Friday, February 26, 2021

Blackout - Candace Owens


I almost never read political opinion books written by elected officials anymore because I think the majority of them are actually written by the kind of hired-gun ghost writer paid handsomely to make the politician look a whole lot smarter than they actually are. I do, on the other hand, still occasionally read a political book written by a relative outsider, someone still far enough away from scene of the crime that they are not completely nauseated by the smell in the room. I generally prefer the ones written by respected historians (although my respect for even some of those people has slipped more than a notch or two in recent years) or by someone with a particularly interesting point-of-view. 

Candace Owens is one of those people, and Blackout is one of those books. 


Owens is what used to be much more rare than it is today: a young, black conservative with the courage to publicly share her beliefs about today’s political environment. As such, she has often been viciously targeted by media people and/or via social media in an attempt to discredit her to the point that she shuts up or changes her message to suit her critics. To her credit, this articulate young woman has done neither. Instead, she has responded to those who want so badly to destroy her with Blackout, a compelling argument that African American culture is going to continue to deteriorate as long as her fellow blacks are willing to sell their votes to the Democratic Party so cheaply. 


Owens contends that it is time for African Americans (she, I think, prefers the term “American Blacks”) to lose the herd mentality that has allowed one political party to claim roughly 95% of their votes for the last several decades. In that spirit, she has founded the “Blexit” movement by which she urges blacks to leave the Democratic Party until Democrat politicians actually earn their votes. She says that it is time to quit working for the Democrats for free. 


But perhaps the most damning charge Owens makes against Democrat politicians is that they will never allow black Americans to quit thinking of themselves as victims of systemic racism. Her argument goes that as long as blacks have someone other than themselves to blame for their cultural failures, they do not have to do the hard work of solving their own problems. It is just too much easier to have someone else promise to do that for them, as both political parties do, even though both parties almost never deliver in a meaningful way on those promises. The concept of black victimhood, Owens says, is a card that the Democrats have relied on for too long, a card they can never afford to give up now because black bloc-voting is what keeps them in power.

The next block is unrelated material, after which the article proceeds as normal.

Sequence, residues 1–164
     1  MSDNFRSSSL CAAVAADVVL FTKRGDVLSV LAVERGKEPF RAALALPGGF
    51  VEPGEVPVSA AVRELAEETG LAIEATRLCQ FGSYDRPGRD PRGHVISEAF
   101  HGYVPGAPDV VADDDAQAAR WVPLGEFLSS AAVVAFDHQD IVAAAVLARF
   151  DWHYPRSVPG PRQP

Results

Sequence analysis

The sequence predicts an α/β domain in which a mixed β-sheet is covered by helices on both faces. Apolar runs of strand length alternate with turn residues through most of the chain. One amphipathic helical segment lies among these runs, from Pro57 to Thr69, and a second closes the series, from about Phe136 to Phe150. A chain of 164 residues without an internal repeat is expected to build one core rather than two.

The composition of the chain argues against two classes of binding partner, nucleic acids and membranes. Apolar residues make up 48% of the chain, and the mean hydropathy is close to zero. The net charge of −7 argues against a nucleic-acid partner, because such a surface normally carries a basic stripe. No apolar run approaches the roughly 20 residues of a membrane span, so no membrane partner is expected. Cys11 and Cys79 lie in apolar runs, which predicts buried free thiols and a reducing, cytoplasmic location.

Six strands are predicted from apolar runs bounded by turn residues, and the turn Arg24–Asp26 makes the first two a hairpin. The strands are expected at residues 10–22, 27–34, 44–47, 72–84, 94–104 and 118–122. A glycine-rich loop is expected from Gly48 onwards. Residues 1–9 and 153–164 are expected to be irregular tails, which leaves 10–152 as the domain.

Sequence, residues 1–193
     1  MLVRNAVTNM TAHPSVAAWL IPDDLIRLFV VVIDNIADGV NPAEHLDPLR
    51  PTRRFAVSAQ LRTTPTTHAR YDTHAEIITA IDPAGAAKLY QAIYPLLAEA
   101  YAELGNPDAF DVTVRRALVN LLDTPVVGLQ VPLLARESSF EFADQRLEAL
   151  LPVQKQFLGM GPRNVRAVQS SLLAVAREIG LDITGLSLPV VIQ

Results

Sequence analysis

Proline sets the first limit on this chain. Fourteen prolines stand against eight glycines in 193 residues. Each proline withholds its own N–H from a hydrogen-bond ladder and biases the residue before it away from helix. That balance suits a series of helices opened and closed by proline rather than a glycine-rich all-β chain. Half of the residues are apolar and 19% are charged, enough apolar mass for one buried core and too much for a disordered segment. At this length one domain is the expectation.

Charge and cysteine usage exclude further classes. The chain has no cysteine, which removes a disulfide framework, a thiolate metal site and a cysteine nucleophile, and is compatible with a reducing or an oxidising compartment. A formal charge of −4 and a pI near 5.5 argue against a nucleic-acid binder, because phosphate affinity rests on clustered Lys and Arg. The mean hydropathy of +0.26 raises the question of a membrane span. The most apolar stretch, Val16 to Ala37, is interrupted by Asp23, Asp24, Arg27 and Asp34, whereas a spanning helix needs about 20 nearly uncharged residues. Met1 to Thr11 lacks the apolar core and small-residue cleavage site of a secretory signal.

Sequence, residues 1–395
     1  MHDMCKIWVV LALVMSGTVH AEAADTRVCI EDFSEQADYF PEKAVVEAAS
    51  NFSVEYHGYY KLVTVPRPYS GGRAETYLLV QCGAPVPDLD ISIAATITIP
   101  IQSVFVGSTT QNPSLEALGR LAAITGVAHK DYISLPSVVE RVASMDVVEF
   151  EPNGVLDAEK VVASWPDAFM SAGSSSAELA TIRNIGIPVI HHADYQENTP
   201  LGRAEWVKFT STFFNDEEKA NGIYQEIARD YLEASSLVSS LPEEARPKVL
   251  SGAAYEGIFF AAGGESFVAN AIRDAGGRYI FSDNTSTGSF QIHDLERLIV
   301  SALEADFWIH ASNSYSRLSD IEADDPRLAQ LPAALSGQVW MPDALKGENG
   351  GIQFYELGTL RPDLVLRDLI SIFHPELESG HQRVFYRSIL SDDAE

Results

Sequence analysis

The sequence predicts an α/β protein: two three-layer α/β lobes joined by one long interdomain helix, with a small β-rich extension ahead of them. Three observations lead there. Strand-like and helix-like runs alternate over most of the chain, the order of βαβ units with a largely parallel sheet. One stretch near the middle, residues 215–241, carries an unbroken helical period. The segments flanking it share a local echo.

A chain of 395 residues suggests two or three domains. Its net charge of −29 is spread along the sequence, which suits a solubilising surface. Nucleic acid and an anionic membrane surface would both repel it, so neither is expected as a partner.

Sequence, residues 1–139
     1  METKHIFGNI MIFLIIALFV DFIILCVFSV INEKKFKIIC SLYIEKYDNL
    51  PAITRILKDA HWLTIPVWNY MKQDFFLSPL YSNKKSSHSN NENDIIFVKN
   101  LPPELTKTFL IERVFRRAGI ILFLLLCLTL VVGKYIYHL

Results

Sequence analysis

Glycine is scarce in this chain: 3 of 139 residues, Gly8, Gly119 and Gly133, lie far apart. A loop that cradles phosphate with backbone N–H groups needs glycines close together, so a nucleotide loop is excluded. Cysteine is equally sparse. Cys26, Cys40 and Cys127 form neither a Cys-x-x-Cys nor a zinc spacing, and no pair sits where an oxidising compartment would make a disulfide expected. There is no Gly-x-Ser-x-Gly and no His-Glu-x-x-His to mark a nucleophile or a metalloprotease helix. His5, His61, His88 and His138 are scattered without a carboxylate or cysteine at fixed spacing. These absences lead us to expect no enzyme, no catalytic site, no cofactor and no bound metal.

Bottom Line: In Blackout Candace Owens makes a strong case for what she herself has only relatively recently come to believe about American culture. Along the way, the reader learns about Owens’s upbringing and why she changed her own mind about the relationship between the Democratic Party and American Blacks. Sadly, I doubt that a significant number of  American Blacks are going to cut through all the noise and personal attacks on Owens long enough to read the book. That is part of the problem. And that is the saddest thing of all. Right, wrong, or somewhere in the middle of the real truth, Candace Owens deserves to be heard.

6 comments:

  1. Her voice is one that does need to be heard! I will definitely be reading this one. Thanks for reviewing it. I probably never would have heard of her or this book if you hadn't. :)

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    1. She came to my attention when she started showing up on various podcasts that I listen to on a semi-regular basis. I found her story to be a fascinating one, sort of a coming-of-age story that neither she nor anyone who knew her could have seen coming. She's had death threats galore, and the media really are out to ruin and discredit her. She's one tough lady.

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    1. I was curious to hear what she had to say from her point-of-view. She readily admits that until five years ago, she didn't think the way she does now, and she speaks to that evolution of thought in the book. She is thoughtful and rather calm in her approach to explaining her thoughts, and I ended up being even more impressed with her than I was goin in. Her interpretation of history is sometimes debatable but her analysis of where blacks in this country find themselves today is thoughtful, and I suspect, more accurate than not. She is a force to be reckoned with now.

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  3. I have come to really admire her. She gives me hope for the future.

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    1. She does exactly that, Pat. It's good to see such a young person thinking for themselves this way and having the courage to share the message with her peers. I just wish that more of them would hear her out...then they can decide for themselves.

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